So, to deny differences is to remain ignorant, you know, and have some sort of pride in that. Like, "no, I'm not going to learn about you. I'm not gonna allow you to to learn," which is huge. I feel like when it comes down to black history, that's something that should be said: how literally our people were not allowed to read or write. That goes to show you how powerful knowledge and information can be. You know, it's like, "oh, we'll feed you, we'll give you whatever, but you will not pick up a book." So that's something that's powerful to me. So the future really looks like freedom for people to just like, be themselves unapologetically no matter what vessel you're in. Because I come from the philosophy that we're all spirit beings having this physical experience. So, my physical experience is a black woman and I'm super grateful for this vessel. So, since God relies in each of us, my representation of a god or goddess is the black woman. So I paint her. And that can be whatever representation your vessels is. And mine isn't wrong because my spirit chose this temple.
Who were your influences growing up?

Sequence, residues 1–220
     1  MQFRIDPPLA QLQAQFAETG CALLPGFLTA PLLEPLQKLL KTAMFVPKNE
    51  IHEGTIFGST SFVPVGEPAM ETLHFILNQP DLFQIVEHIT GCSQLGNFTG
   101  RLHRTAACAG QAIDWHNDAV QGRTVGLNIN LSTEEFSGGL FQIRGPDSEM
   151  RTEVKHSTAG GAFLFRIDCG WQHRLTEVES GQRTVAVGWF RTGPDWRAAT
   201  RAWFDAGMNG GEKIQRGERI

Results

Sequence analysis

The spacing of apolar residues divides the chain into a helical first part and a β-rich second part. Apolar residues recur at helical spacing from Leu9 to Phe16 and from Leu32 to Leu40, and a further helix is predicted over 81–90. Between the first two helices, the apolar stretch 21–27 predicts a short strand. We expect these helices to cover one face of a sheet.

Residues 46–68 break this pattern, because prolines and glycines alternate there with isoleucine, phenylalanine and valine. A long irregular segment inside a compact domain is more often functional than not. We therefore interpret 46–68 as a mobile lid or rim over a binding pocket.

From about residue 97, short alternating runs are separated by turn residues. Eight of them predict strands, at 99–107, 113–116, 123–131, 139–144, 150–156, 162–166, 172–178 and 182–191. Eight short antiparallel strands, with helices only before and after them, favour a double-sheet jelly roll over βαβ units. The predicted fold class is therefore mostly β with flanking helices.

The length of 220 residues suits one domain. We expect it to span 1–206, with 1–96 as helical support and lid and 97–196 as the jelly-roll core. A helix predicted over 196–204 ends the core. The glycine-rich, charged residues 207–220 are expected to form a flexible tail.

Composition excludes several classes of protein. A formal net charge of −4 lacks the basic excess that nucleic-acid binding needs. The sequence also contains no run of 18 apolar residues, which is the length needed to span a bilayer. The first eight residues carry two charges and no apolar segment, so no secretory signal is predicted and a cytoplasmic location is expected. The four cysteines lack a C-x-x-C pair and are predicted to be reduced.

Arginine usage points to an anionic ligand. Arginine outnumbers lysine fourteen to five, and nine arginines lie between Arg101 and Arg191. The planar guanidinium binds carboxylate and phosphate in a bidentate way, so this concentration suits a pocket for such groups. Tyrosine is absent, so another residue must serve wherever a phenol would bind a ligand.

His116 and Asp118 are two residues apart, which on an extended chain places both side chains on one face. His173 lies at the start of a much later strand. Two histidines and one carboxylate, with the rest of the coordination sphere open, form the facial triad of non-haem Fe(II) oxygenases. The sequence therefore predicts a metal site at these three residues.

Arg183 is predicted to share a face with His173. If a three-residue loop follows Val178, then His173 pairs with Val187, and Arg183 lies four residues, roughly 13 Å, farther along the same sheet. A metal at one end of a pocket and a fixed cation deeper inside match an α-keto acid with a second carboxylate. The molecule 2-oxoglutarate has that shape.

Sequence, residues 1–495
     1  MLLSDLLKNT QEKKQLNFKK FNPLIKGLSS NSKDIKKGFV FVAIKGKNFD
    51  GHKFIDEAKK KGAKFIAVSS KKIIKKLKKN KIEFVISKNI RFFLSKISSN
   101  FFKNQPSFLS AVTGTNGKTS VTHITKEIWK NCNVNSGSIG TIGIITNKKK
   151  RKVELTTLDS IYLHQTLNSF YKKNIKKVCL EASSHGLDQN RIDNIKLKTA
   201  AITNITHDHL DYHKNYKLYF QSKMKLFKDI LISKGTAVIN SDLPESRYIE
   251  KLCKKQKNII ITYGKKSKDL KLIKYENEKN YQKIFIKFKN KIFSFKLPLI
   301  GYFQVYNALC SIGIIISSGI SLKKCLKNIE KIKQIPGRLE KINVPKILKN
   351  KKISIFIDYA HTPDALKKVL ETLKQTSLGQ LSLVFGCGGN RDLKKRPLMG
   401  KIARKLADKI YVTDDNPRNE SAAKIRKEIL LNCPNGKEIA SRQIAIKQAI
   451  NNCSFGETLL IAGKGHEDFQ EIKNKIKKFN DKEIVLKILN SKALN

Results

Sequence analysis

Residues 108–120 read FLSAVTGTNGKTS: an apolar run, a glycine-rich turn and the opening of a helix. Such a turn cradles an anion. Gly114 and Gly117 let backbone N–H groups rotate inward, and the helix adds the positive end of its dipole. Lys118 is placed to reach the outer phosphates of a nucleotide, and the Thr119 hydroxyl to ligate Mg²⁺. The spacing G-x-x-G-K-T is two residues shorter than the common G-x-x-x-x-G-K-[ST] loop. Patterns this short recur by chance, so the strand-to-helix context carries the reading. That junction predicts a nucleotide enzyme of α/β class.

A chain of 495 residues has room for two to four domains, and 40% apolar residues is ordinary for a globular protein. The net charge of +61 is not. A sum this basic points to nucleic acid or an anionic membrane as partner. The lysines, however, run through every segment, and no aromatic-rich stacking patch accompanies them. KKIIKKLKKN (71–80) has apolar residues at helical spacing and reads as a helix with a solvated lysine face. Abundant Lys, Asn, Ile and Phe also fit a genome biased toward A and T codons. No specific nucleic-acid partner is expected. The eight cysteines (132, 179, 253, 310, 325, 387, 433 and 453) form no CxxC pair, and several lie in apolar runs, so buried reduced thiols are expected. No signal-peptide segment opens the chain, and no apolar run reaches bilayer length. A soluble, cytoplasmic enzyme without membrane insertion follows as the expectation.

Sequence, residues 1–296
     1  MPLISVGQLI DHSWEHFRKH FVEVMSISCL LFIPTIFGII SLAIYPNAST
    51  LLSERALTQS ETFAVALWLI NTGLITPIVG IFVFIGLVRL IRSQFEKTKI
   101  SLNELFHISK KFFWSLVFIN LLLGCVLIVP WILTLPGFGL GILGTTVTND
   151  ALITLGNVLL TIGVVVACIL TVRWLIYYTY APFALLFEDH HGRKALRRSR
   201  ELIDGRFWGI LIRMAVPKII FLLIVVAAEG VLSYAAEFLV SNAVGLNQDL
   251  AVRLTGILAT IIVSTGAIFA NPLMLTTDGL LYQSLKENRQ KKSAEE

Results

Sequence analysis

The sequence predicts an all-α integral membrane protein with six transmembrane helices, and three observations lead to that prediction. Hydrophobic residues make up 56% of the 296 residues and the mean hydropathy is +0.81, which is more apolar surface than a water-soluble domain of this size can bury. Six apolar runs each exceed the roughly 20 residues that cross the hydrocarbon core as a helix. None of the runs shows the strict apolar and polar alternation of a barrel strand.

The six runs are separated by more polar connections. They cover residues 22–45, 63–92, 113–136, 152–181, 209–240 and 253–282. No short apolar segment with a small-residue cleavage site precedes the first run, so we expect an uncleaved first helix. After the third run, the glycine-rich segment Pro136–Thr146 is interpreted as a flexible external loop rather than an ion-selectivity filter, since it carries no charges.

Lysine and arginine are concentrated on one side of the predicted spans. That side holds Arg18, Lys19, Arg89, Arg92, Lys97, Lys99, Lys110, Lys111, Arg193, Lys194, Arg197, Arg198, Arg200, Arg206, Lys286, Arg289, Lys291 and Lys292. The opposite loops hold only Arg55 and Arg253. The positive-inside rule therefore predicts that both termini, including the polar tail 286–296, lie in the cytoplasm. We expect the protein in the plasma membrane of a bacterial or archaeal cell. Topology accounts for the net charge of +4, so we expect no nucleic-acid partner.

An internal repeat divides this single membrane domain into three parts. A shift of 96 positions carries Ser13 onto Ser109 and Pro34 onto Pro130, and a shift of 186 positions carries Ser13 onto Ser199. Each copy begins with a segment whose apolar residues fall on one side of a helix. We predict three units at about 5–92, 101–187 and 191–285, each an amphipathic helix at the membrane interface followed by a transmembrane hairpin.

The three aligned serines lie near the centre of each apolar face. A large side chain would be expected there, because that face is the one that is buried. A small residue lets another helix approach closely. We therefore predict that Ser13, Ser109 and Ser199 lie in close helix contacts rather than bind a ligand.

Well, I feel like an '80s/'90s babe. I'm right on the cusp 1989, so I feel like those women for me were like Lauryn Hill and Erykah Badu. Like, I can just be this natural beauty who's just still so confident in who she is while still getting these other messages like, you have to look a certain way. I feel like those black women representations were just even more support for me to really blossom into the person who I am now. So that was that. That was key. You know, it comes down to representation, I'm super excited that we're doing this interview now because Black Panther is coming out. I am so. Oh my God. I hope you all feel this energy. It is absolutely huge for representation. I was talking to my friend and I was trying to explain to him how there is such a poor representation of black people throughout media especially in this superhero world. I mean, obviously my work is really galactic, cosmic, and I love science. I mean, I've just been consuming this stuff since since I was a kid. So, to have these ideas and to see black women represented in this powerful, super regal, goddess, strength. I am ready to quake the movie theater. I have all my friends, we're like, "oh yes, we are watching it three times." This is just history right now. And some people might not even realize it, but I think what's sad is that we don't have a lot of empathy for other people, it's like "oh, whatever. No big deal." It's like, yeah, because all the superheroes been looking like you for the past 100 something years. To have this representation outside of the "angry black woman" or the thug on the TV or you know, the black man who always get killed first in whatever scary movie -- those have been our representation. Here we are with this beautiful, beautiful movie that I'm just so excited about and it definitely comes down to representation because when you see it in your mind, it can become a part of your reality. You know that's where it starts. So to see other people like that, I'm excited for the next generation.